End of Watch (EOW) is the last thing a police officer writes in his logbook after noting the day’s policing activities. Then he goes home. Hopefully he goes home. If he doesn’t go home—that’s also called an “end of watch.”
So says Director David Ayer in the EOW press notes. Best known for his dirty-cop film Training Day, the very authentic End of Watch will have the Los Angeles Police Department breathing a collective sigh of relief that someone’s finally telling their story in a positive light. This well-rendered if brutal portrait is a welcome counterweight to the seemingly endless stream of Hollywood paeans to corrupt cop-life in the USA.
Officers Brian Taylor (Jake Gyllenhaal) and Mike Zavala (Michael Peña) are partners. They love their job. South Central L.A. is easily the most dangerous location in America for the police, but they’re on the case with enthusiasm.
Their world shifts from hilarious practical jokes in the squad room, to heart-stopping, potentially deadly encounters with local gangs with enough firepower to equip a small army, and back to brotherly banter in the squad car in the blink of an eye.
Taylor and Zavala function like any well-practiced, experienced sports team that has also bonded on a personal level. They’re ready to die for each other.
When they search an SUV and narrowly avoid getting blasted by the driver’s 9 mm handgun, it’s reminiscent of the hair-trigger reflexes of a mongoose avoiding a cobra strike and then pinning the snake. It has the same ferocious yet casual confidence. They are metaphorical cop black belts.
One comes to appreciate the talent required for this dangerous job. Highly competent cops have restless Type A personalities. They’re energetic and aggressive normally, but with an ability to shift to a preternatural calm in the high-stress situations that typically cause hysteria in civilians. While they youthfully relish their roles as ghetto gunfighters, all of it is truly informed by a desire to do the right thing.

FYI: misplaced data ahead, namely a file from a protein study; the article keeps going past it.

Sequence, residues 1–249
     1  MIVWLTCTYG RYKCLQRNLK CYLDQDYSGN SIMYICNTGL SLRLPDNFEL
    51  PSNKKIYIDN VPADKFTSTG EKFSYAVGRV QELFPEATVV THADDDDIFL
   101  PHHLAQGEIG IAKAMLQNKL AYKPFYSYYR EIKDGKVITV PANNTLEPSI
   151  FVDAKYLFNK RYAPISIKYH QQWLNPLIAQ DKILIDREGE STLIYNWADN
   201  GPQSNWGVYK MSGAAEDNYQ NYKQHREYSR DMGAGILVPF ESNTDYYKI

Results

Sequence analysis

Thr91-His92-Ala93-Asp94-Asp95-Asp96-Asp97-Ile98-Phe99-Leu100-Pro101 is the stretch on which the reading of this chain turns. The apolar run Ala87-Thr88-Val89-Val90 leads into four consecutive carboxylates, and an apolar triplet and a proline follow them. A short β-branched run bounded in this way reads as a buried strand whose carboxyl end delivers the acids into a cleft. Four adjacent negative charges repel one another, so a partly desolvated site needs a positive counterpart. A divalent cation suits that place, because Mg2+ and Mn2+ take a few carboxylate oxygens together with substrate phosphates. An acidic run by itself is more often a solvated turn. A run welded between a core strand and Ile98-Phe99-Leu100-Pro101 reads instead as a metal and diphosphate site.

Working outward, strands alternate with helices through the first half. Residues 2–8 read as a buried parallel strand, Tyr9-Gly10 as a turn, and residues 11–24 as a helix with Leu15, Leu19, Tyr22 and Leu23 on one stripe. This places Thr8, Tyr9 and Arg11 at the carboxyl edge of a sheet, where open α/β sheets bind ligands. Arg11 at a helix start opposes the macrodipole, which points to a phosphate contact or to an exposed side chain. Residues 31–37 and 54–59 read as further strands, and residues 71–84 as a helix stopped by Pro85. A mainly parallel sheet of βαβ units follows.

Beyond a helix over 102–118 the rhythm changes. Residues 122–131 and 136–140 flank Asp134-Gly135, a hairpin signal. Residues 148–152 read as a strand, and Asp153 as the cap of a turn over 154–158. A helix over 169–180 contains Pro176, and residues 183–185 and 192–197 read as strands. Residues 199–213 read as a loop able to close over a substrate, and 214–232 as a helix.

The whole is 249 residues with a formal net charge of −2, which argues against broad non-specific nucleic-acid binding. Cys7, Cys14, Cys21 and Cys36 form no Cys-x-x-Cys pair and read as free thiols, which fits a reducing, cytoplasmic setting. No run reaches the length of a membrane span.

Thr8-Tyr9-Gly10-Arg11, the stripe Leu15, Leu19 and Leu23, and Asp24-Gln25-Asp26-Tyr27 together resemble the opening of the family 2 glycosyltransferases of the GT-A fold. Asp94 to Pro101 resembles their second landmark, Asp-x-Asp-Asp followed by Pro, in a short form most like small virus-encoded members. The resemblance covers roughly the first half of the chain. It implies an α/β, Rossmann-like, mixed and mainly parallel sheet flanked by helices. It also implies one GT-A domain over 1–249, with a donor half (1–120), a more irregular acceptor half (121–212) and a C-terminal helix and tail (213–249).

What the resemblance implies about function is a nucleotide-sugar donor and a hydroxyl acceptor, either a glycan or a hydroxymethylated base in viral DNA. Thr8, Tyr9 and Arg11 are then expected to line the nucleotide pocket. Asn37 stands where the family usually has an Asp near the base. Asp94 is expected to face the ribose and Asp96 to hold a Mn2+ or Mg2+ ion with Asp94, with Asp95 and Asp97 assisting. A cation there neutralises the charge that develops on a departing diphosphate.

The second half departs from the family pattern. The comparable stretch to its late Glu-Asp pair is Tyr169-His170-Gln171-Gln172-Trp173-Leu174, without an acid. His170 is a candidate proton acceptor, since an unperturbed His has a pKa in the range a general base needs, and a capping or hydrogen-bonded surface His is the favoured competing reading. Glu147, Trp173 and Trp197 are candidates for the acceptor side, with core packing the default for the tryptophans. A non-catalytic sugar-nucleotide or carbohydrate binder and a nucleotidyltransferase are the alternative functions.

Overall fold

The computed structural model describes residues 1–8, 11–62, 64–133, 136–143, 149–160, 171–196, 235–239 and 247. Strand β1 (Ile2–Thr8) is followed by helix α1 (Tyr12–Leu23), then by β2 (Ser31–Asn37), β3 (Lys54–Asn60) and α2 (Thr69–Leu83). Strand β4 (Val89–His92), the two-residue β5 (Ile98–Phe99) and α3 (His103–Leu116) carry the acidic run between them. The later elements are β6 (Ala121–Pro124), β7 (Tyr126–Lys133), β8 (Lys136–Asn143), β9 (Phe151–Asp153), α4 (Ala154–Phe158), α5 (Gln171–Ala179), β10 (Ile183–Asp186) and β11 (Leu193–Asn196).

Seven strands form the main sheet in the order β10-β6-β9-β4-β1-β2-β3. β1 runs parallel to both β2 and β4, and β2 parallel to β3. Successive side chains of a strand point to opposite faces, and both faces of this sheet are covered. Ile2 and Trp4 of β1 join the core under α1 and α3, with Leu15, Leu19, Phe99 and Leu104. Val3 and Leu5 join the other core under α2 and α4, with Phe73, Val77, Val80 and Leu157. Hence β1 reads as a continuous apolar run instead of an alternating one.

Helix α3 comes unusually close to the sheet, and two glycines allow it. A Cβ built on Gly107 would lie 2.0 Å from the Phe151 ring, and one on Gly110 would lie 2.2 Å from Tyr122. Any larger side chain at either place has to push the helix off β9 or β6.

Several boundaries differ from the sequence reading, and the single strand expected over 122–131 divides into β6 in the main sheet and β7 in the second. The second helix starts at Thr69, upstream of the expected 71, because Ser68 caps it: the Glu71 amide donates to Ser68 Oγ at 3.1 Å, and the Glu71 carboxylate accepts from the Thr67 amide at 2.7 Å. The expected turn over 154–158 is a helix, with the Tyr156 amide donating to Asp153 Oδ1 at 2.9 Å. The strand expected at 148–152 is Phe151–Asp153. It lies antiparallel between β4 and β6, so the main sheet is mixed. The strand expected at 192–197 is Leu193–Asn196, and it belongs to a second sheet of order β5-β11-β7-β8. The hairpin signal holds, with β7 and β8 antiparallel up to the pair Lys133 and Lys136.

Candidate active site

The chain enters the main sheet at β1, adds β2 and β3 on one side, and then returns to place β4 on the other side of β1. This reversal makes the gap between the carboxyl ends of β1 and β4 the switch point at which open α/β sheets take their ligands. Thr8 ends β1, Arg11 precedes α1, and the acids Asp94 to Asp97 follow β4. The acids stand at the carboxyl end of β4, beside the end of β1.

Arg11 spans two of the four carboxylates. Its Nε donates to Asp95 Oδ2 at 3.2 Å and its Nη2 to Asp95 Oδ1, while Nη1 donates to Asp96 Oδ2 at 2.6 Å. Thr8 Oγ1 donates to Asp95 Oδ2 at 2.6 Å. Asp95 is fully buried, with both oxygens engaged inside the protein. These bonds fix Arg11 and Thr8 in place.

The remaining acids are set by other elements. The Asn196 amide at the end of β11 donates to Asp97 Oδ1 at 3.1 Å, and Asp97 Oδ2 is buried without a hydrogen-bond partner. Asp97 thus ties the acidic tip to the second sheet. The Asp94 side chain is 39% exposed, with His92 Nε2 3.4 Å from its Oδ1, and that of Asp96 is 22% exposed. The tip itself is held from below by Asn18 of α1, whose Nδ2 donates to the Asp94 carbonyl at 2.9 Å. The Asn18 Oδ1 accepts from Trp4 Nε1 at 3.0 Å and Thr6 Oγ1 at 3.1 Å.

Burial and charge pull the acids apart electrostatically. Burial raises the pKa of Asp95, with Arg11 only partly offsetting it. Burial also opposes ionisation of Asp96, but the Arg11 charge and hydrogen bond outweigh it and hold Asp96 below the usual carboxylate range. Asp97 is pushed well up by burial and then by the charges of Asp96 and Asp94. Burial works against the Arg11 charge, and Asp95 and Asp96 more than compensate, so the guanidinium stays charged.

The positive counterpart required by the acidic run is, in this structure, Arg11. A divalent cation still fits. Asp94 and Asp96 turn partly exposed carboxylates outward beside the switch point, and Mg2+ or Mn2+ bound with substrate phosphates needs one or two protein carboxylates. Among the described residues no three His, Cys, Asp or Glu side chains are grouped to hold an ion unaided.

Officer Taylor carries a video camera everywhere, making his own homegrown version of the TV-show Cops. Much like the movie Chronicle, where the lead character chronicles everything with a hand-held cam, it’s really a sign of the times—an endless videotaping of the movie of one’s life that one is starring in.
This is not your father’s LAPD. These kids say “dude” constantly, play ear-splitting rap in the cruiser, and quip funny asides at the camera, like, “Being a cop is all about comfortable footwear.” They beat 100-degree heat by surreptitiously sticking their heads in open beverage coolers in neighborhood bodegas.
Director Ayer, who grew up in South Central, captures the atmosphere with lots of smoggy sunrises and sunsets. Anna Kendrick, as Taylor’s fiancée, is always a revelation. Peña and Gyllenhaal have highly enjoyable bickering chemistry. The rest of the cast, including TV’s Ugly Betty star, America Ferrera, are all highly effective in portraying LAPD culture.
The drama inherent in cop-corruption stories is low-hanging fruit. It’s easy and it sells, which is why Hollywood does so much of it. As Ayer points out, there’s also riveting tension in a situation where good cops have to do life-and-death things all day, then come home at their end of watch, fit into everyday society, and work hard to make their relationships normal.
This is a super-gritty, ultra-violent, hyper expletive-ridden, and often very funny film. See it only if you have a stomach strong enough to deal with the very disturbing scenes involving gangland violence, hard drugs, and human trafficking. If nothing else, End of Watch is a first-rate lesson in law-enforcement appreciation.
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